|Photo by P199.|
My Algonquin dream expedition might go something like this. From the boat launch at the Opeongo Lake store, I would paddle approximately 13.5 k’s north, and once in the north arm of the lake, steer a course of 355 degrees for the first portage to
. This is marked variously at three portages of 175; 310, and 965 metres or on another map at 1250 metres. Proulx Lake
From the portage at Proulx lake steer 37.5 degrees for about 1.3 kilometres then turn to port and teer a course of 300 degrees. At the end of
Proulx Lake, enter the after a paddle of approx 12.6 to 14.4 k. depending on wind and waves. At the end of Proulx Lake there is a waterfall on the Crow River, and the trail to the big white pines. Crow River
This trail is about 1.5 k. in length or 3 k. overall. At 35 metres, these are the tallest trees in the park, that’s about 113.4 feet tall.
there is a series of portages, of 240; 155 and 1220 metres; then a 3 k. paddle on the Crow River, (downstream) then 385; 170; 205 and 110 metre portages. Entering Lake Laveille, there is a 16 kilometre paddle, settling on a course of SE; go around the headland; now paddle due south, and then from Hardy Bay a 90 metre portage into Dickson Lake. A four kilometer paddle on Crow River will bring the end of the trip at the 340 yr. old red spruce. Dickson Lake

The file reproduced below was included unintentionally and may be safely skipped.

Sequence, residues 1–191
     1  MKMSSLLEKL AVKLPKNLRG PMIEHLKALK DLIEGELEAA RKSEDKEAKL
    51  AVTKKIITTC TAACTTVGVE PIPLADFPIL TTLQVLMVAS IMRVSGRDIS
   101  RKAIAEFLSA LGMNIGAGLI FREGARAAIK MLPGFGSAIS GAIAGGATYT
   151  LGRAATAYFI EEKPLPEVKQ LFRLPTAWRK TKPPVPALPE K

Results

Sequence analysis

The return trip retraces the path in; mostly up current on the river, and mostly into the wind on the lakes.
Very tiring. Overall, the portages amount to about 4.025 k (X2!) and the trip is over 50 kilometres, (30 miles.) I reckon at least a week to do it. Portages are the killer. Gas to get there might be $300.00. That’s a long, hard trip for a guy without the very best in equipment, a bit out of shape now, all on his own. I’m 36 years old. I may not get many more summers to attempt that trip. Just a dream. My boys are a bit young to go and such a trip is not exactly a summer vacation where the focus would be on having fun and seeing the sights.
|Range of fred spruce, Picaea Rubens in N. America.|
As for going alone, that’s a whole different ball game. The risk of injury, bad weather, broken boat. I don’t know, buddy.